Showtime (2002) from Johnny Web (Uncle Scoopy; Greg Wroblewski)

You have to love a film in which Bill Shatner, playing the challenging part of Bill Shatner, teaches Robert DeNiro how to act.

The critics were not kind to this film, citing it as a perfect example of an overproduced and underwritten Hollywood project, the type of movie that spends $80 million on salaries and helicopters, and about 50 cents on a script.



Some of that is true. The second half of this film is not good at all, a typical buddy cop movie filled with ludicrous car chases, impossible marksmanship, gun battles with super-sized weapons, and explosions.

But the first half - that is sublime fun!

DVD info from Amazon

Commentary by director Tom Dey and producer Jorge Saralegui
Theatrical trailer(s)
additional scenes, including Eddie Murphy improv
Showtime booth confessionals
3 extended scenes
Visit the set with HBO First Look: The Making of Showtime
Widescreen anamorphic format, 1.85

Robert DeNiro plays a no-nonsense, baggy clothes detective with a ratty apartment and a 25 year old couch. Eddie Murphy plays a barely competent uniformed patrolman who would like to be an actor. A strange twist of fate thrusts them together, not only as partners, but as partners being photographed 24/7 by a reality cop show. Of course, the reality cop show doesn't really want any reality. As DeNiro says, in real life he's never had to choose between a green wire and a red wire. He spends all his time sitting in anterooms waiting to testify, or interviewing dull people. The TV producers don't want cops, they want TV cops. So the first step is to teach the real cops to be TV cops, and who better to do so than T.J. Hooker?

The thing that puzzles me and everyone else about this movie is how it could spend an hour making fun of unrealistic, formula buddy cop shows, then spend the last half hour being the very thing it was ridiculing. Like everyone else, I didn't much care for the rooftop action, the machine gun battles, and the car/helicopter chases in the finale, but I sure liked it when it was just Eddie, DeNiro and Shatner hamming it up for the camera.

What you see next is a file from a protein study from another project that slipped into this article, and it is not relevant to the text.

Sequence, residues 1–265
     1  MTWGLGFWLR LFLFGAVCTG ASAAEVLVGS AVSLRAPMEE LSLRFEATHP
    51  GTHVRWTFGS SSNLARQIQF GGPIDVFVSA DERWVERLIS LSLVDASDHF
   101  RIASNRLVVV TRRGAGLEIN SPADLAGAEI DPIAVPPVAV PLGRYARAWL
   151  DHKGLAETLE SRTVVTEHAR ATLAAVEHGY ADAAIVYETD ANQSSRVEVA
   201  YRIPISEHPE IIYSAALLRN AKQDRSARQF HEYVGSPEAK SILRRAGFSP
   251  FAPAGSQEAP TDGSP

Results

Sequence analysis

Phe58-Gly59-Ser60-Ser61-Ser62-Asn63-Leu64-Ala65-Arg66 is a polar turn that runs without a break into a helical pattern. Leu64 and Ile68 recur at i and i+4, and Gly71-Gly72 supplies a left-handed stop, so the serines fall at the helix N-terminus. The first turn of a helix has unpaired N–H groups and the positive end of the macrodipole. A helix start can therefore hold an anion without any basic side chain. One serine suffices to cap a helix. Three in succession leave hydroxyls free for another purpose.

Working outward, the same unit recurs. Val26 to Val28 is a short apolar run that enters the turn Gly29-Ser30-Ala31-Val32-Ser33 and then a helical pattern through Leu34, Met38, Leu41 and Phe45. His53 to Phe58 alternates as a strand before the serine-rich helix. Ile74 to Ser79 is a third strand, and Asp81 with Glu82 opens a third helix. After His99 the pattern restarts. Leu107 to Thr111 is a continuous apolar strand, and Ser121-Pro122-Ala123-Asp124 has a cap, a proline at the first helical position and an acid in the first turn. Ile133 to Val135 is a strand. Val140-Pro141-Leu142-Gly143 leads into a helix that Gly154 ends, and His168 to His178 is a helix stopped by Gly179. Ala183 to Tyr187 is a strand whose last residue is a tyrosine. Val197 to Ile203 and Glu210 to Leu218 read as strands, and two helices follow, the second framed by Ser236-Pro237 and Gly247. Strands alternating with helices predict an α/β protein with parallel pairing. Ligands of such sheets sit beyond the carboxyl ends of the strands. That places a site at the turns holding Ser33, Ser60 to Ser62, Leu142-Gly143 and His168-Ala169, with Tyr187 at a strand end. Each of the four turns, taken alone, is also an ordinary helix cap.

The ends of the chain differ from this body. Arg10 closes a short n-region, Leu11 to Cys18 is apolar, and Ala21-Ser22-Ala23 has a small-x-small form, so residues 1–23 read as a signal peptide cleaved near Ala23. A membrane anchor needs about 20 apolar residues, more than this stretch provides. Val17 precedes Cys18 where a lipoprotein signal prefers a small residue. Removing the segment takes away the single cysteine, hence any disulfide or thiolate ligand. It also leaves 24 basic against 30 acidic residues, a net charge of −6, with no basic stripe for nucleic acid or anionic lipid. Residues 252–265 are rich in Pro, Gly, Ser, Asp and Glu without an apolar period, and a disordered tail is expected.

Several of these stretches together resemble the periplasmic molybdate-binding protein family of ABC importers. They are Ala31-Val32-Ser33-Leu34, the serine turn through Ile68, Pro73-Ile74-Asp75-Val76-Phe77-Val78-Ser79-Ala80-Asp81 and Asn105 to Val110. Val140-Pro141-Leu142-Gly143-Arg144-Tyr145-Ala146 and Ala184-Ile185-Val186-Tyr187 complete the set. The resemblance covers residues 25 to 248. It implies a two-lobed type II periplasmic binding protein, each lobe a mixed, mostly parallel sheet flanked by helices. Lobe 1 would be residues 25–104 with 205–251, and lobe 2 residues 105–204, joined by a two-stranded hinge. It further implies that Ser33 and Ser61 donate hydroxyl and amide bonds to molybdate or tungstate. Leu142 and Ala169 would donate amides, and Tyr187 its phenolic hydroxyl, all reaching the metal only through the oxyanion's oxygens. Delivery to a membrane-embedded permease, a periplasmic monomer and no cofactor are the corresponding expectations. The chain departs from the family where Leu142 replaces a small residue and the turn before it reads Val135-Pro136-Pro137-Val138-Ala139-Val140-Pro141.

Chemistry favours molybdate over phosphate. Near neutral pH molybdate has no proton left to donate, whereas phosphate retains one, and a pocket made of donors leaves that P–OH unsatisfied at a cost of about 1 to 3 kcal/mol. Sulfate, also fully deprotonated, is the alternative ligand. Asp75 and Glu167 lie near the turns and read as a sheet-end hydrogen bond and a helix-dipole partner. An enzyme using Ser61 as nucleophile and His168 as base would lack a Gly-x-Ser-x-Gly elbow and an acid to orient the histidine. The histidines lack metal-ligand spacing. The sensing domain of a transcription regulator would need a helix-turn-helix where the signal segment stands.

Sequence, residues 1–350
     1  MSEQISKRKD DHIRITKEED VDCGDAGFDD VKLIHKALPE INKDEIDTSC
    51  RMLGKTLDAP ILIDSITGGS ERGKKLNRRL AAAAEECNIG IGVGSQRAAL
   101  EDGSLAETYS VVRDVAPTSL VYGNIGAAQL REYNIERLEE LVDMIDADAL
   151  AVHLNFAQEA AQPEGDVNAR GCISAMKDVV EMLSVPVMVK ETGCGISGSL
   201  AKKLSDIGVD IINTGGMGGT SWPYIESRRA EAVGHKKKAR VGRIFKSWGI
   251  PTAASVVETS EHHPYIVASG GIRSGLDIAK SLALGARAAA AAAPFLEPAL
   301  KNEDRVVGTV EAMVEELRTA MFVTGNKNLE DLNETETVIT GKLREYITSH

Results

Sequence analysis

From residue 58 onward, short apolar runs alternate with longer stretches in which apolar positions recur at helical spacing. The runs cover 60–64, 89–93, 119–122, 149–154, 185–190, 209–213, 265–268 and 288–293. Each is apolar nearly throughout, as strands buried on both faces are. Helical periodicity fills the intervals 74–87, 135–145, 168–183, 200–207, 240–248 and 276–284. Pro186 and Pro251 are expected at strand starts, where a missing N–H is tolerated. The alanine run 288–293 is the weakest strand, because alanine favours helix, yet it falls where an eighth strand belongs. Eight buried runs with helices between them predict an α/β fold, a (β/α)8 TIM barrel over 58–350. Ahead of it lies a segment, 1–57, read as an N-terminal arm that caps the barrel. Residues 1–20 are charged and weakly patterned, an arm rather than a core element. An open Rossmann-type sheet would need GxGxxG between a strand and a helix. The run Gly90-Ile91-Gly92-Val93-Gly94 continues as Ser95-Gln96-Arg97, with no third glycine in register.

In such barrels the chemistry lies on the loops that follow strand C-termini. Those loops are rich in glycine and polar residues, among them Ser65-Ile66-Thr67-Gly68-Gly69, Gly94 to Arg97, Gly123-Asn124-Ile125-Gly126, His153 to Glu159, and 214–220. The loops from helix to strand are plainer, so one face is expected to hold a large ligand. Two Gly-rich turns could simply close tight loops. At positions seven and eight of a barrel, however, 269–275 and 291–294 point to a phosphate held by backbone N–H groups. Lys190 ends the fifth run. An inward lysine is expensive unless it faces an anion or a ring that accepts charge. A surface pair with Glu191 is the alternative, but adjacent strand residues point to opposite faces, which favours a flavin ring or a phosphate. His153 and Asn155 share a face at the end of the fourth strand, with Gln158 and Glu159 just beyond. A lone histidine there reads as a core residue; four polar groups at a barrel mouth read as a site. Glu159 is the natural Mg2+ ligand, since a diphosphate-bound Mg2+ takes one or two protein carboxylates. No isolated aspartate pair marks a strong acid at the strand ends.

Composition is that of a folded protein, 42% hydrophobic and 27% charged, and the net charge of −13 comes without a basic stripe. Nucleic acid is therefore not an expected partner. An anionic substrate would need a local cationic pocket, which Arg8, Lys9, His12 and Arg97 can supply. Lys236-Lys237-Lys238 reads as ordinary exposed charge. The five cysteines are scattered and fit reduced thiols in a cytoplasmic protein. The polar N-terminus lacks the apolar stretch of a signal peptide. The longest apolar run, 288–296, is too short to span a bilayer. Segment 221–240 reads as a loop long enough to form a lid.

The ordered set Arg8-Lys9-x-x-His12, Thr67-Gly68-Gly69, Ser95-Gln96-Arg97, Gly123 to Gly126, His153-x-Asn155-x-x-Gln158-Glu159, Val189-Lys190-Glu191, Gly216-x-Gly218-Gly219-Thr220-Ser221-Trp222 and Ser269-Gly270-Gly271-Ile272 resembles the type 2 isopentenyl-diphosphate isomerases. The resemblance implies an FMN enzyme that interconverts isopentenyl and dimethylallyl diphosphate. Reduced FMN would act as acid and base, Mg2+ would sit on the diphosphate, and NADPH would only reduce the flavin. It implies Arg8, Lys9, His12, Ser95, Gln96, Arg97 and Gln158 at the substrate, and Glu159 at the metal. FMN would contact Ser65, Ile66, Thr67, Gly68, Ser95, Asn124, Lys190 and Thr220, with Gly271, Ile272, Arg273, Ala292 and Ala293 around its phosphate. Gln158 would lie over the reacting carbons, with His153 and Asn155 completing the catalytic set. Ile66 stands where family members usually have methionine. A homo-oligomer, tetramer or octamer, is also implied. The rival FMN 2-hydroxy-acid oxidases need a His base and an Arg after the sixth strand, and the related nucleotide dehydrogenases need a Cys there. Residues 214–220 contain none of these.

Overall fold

A lot of critics thought it was a bad movie. I don't agree. I thought it was a movie that didn't live up to the potential that it showed us an occasional glimpse of.

The Critics Vote

  • General consensus: two and a half stars. Ebert 2/4, Berardinelli 2/4, 4/5

  • General UK consensus: one star. Daily Mail 4/10, Daily Telegraph 1/10, Independent 2/10, The Guardian 4/10, The Observer 4/10, The Times 2/10, Evening Standard 2/10, The Sun 3/10, The Express 2/10, The Mirror 4/10

The People Vote ...

  • IMDB summary. IMDb voters score it 5.9/10, Guardian readers duplicate that 5.9/10
  • with their dollars: the studio lavished $85 million dollars on this film, hoping for a success comparable to Meet the Parents. The rolled it out on a Blockbuster level of 2900 screens. Didn't happen. It grossed only $37 million.


IMDb guideline: 7.5 usually indicates a level of excellence, about like three and a half stars from the critics. 6.0 usually indicates lukewarm watchability, about like two and a half stars from the critics. The fives are generally not worthwhile unless they are really your kind of material, about like two stars from the critics. Films under five are generally awful even if you like that kind of film, equivalent to about one and a half stars from the critics or less, depending on just how far below five the rating is.

My own guideline: A means the movie is so good it will appeal to you even if you hate the genre. B means the movie is not good enough to win you over if you hate the genre, but is good enough to do so if you have an open mind about this type of film. C means it will only appeal to genre addicts, and has no crossover appeal. D means you'll hate it even if you like the genre. E means that you'll hate it even if you love the genre. F means that the film is not only unappealing across-the-board, but technically inept as well.

Based on this description, this film is a C.

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